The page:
ONE Magazine

The official publication of
Catholic Near East Welfare Association

Celebrating 50 years | God • World • Human Family • Church

At A Glance

The ancient Romans considered the city of Antioch the center of the East. Today a provincial city of 150,000 people in the southern Turkish province of Hatay, Roman Antioch was the capital of the province of Syria and, at its height in the first century A.D., home to more than 500,000 people.

Inhabited by a panoply of peoples, Roman Antioch was culturally and linguistically Greek, the predominant culture of the Greco-Roman era. Those who lived in the province’s rural interior, however, spoke Syriac, a dialect of the Aramaic spoken by Jesus. Sophisticated, Roman Antioch proved to be fertile ground for new ideas, philosophies and faiths, such as the teachings of Jesus. Many of these new ideas faded, but Christianity took root and flourished.

According to the Acts of the Apostles, believers fleeing the persecution of the Jewish authorities brought the Gospel to Antioch. These disciples worked among Jews and Gentiles and built up a community of believers. Sts. Paul and Barnabas nurtured it before St. Peter settled there, around the year A.D. 44, directing the life of the church for seven years until he left for Rome. Over time, this community achieved an identity. Again, according to Acts, “It was at Antioch that the disciples were first called Christians.”

And the Church of Antioch boomed. For the next 500 years, the Antiochene Church fostered bishop martyrs, anchorites, poets, scholars and theologians, all of whom contributed to a lively and diverse church. And while all were passionate about their faith, few agreed with one another.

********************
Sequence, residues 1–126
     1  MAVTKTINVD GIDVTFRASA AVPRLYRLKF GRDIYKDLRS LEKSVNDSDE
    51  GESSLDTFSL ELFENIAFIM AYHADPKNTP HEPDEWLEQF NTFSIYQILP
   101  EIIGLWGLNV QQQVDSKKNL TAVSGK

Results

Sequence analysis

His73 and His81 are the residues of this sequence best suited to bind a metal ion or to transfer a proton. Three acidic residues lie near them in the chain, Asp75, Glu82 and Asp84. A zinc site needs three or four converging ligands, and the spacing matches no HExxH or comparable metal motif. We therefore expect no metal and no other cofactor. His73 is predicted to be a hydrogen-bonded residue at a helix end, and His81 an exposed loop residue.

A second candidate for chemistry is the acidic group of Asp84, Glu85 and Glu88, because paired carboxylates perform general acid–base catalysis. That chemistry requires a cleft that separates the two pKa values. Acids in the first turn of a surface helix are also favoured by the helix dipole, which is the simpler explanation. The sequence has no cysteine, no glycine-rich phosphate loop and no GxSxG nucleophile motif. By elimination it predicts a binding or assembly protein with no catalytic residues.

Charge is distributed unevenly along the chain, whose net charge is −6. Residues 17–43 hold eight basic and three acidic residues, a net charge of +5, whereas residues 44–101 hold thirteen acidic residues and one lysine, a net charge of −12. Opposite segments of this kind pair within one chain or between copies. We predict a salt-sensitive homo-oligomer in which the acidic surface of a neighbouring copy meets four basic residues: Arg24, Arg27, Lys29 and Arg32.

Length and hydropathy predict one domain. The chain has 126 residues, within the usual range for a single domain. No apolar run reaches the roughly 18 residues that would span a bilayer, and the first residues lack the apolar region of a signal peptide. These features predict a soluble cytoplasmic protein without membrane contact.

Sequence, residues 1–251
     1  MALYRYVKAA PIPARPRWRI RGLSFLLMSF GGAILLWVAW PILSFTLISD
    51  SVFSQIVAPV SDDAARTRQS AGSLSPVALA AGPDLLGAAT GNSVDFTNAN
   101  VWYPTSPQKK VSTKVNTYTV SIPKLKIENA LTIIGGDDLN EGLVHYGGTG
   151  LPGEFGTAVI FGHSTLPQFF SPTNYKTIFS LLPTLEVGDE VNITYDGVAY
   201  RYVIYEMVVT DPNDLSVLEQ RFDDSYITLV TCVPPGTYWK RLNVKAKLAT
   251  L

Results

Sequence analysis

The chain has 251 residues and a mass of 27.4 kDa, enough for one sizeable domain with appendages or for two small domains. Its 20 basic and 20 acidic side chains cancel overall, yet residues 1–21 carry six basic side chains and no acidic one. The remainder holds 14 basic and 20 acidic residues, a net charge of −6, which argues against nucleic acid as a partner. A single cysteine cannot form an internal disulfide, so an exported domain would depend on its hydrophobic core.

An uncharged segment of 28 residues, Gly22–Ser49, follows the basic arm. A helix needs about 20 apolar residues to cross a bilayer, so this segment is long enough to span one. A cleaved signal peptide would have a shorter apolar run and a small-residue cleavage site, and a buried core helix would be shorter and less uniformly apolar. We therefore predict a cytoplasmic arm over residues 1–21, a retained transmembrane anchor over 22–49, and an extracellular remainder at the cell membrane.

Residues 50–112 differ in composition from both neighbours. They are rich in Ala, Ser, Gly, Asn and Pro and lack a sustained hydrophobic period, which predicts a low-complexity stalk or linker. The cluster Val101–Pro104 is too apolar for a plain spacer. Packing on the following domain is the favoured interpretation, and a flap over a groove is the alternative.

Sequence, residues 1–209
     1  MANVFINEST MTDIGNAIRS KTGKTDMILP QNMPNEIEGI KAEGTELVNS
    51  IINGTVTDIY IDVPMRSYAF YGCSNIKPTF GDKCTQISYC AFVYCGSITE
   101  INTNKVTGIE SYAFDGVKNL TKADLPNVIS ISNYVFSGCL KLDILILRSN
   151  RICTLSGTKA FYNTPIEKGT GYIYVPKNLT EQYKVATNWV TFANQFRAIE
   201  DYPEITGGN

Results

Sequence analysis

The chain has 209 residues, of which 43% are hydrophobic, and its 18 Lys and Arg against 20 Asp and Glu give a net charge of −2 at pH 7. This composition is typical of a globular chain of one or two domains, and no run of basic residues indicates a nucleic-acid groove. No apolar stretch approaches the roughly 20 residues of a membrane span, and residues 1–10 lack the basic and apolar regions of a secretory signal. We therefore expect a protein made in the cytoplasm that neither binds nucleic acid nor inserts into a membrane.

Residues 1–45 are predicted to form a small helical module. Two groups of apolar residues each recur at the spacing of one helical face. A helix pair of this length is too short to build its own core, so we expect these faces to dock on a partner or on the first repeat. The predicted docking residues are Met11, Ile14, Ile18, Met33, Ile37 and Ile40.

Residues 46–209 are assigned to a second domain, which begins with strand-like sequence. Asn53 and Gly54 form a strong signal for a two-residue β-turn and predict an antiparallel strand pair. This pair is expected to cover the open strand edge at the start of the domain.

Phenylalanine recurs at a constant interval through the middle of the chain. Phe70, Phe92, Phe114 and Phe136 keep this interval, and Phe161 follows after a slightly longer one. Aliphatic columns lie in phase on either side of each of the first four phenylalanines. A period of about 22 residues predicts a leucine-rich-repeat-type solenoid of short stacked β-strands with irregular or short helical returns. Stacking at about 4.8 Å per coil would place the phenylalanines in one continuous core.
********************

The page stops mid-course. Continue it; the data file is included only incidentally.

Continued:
As the Church of Antioch prospered, its bishops assumed leadership among the bishops of all the East, who increasingly referred to the Antiochene prelates as “patriarchs,” a title of honor once reserved in the Old Testament for Abraham, the 12 sons of Jacob and King David. Increasingly, Antioch’s patriarchs governed a church that stretched from Syria, beyond the eastern frontiers of the Roman Empire into Iraq, Persia and India.

But the unity of the Church of Antioch crumbled as cultural, linguistic and theological nuances increasingly took on political associations.

Presently, more than 14 million people, belonging to 10 distinct churches, form the Church of Antioch. These include the Church of the East, whose missionaries once founded monasteries in China and Japan; the Orthodox Patriarchal Church of Antioch; the Indian and Syriac Orthodox churches; and the Chaldean, Maronite, Melkite, Syriac and the Syro-Malabar and Syro-Malankara Catholic churches. And while these churches claim unique histories, rites and traditions, all proudly stem from Antioch and share in that church’s legacy.

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